adṛṣṭa-pūrvaṁ hṛṣito ’smi dṛṣṭvā

bhayena ca pravyathitaṁ mano me

tad eva me darśaya deva rūpaṁ

prasīda deveśa jagan-nivāsa

“After seeing this universal form, which I have never seen before, I am gladdened, but at the same time my mind is disturbed with fear. Therefore please bestow Your grace upon me and reveal again Your form as the Personality of Godhead [Kṛṣṇa, or Śyāmasundara], O Lord of lords, O abode of the universe.” (Bhagavad-gītā 11.45) There is no question of loving the virāṭ-rūpa. If Kṛṣṇa comes before you in the virāṭ-rūpa form, you will be so filled with fear that you will forget your love. So don’t be eager like the impersonalists to see the virāṭ-rūpa form; just render loving service to Śyāmasundara, Kṛṣṇa.

We have more or less seen Kṛṣṇa as the viśva-rūpa during wartime in Calcutta in 1942. There was a siren, and we ran into a shelter, and the bombing began. In this way, we were seeing that viśva-rūpa, and I was thinking, “Of course, this is also just another form of Kṛṣṇa. But this is not a very lovable form.” A devotee wants to love Kṛṣṇa in His original form, and this viśva-rūpa is not His original form. Being omnipotent, Kṛṣṇa can appear in any form, but His lovable form is that of Kṛṣṇa, Śyāmasundara. Although a man may be a police officer, when he is at home he is a beloved father to his son. But if he comes home firing his revolver, the son will be so frightened that he will forget that he is his beloved father. Naturally, the child loves his father when he’s at home like a father, and similarly we love Kṛṣṇa as He is in His eternal abode, in the form of Śyāmasundara.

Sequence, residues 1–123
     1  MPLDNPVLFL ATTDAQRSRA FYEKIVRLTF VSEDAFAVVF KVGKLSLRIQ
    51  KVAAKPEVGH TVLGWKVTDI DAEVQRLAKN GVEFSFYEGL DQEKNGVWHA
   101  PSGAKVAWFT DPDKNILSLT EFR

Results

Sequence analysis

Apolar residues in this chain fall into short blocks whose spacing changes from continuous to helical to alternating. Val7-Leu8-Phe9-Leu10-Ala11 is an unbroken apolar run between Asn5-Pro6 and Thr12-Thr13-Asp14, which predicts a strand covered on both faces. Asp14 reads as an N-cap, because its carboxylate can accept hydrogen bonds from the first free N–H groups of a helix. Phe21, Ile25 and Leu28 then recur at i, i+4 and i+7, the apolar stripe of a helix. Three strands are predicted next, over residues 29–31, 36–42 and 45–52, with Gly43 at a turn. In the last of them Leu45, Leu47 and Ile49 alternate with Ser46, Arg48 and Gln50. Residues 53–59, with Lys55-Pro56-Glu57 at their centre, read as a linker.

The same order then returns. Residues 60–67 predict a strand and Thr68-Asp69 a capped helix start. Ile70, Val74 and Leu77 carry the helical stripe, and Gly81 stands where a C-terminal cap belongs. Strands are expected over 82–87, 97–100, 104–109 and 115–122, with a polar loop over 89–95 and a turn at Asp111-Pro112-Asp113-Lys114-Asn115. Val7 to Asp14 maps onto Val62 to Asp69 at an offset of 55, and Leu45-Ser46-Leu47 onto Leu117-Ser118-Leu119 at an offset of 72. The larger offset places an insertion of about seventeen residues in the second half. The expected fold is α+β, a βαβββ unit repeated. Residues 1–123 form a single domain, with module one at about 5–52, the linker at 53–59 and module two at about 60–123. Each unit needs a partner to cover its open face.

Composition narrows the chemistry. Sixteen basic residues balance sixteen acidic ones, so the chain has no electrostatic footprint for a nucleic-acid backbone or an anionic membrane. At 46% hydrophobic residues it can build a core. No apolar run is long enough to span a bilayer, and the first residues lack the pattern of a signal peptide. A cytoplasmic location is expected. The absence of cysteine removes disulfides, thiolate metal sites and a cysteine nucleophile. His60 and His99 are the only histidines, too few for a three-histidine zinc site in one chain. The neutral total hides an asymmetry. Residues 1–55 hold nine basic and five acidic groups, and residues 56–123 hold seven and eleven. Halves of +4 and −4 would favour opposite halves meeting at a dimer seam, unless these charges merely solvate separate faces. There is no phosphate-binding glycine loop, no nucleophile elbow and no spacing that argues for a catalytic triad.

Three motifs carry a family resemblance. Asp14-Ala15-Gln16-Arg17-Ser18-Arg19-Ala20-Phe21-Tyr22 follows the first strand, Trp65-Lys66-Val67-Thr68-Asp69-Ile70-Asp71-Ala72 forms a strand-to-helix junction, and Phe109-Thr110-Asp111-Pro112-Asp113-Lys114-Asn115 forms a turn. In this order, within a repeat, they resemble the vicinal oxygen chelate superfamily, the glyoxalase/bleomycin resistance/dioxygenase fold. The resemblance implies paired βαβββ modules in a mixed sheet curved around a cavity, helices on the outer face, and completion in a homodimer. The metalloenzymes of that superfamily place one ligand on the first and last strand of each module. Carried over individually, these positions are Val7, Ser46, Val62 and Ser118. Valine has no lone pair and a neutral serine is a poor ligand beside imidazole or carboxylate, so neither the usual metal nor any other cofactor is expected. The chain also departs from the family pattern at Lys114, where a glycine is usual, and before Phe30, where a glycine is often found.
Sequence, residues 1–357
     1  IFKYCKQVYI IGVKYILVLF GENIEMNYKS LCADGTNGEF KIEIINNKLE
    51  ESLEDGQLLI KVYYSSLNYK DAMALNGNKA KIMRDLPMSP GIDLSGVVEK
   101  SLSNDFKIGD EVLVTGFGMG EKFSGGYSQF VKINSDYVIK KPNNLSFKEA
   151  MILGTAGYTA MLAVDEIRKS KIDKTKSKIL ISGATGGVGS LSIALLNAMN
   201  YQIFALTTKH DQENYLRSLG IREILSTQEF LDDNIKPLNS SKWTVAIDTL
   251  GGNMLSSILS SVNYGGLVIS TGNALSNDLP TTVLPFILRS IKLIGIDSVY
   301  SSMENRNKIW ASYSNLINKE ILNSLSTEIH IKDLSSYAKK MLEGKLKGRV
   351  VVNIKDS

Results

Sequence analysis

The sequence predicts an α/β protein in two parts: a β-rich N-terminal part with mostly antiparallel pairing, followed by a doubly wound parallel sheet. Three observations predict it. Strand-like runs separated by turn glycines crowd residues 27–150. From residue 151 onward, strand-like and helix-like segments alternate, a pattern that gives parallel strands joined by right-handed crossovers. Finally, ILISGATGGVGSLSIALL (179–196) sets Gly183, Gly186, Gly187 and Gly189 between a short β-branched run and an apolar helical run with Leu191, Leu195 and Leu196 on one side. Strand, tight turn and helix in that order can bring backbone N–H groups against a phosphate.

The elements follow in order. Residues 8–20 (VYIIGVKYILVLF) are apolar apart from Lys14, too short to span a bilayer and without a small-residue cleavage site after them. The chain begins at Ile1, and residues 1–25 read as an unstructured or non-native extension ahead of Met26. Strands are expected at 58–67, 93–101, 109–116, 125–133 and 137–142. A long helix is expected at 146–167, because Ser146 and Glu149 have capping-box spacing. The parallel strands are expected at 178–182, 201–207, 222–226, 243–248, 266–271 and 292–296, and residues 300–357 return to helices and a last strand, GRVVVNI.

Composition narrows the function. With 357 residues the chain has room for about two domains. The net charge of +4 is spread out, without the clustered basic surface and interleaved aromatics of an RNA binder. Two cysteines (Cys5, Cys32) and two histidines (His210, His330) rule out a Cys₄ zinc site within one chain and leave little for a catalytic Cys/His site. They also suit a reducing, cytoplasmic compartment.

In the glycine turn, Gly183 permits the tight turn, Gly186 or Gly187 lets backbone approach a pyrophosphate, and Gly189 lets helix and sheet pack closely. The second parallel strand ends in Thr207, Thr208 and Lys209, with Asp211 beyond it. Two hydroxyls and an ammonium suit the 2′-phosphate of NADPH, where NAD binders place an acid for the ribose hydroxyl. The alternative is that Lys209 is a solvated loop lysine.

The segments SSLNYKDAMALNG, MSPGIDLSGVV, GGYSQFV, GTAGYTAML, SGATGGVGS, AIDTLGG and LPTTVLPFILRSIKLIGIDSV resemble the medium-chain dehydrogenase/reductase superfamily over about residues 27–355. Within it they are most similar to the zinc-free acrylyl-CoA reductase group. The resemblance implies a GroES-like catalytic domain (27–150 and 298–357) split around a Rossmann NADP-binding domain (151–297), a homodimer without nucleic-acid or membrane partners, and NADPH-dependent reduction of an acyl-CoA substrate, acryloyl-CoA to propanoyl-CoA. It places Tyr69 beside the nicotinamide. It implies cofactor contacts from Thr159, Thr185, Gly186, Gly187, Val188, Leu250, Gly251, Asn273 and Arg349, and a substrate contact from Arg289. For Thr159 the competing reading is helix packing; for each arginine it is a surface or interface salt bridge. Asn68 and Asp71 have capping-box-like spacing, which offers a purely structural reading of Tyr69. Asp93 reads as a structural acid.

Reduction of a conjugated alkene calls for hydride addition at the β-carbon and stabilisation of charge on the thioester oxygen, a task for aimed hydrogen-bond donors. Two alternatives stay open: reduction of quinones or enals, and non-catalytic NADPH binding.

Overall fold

The viśva-rūpa was shown to Arjuna to warn those rascals who claim, “I am God.” Arjuna asked to see the viśva-rūpa so that in the future we may have some criterion by which to test rascals who claim to be God. In other words, if someone says, “I am God,” we can simply reply, “If you are God, please show me your viśva-rūpa.” And we can rest assured that such rascals cannot display this form.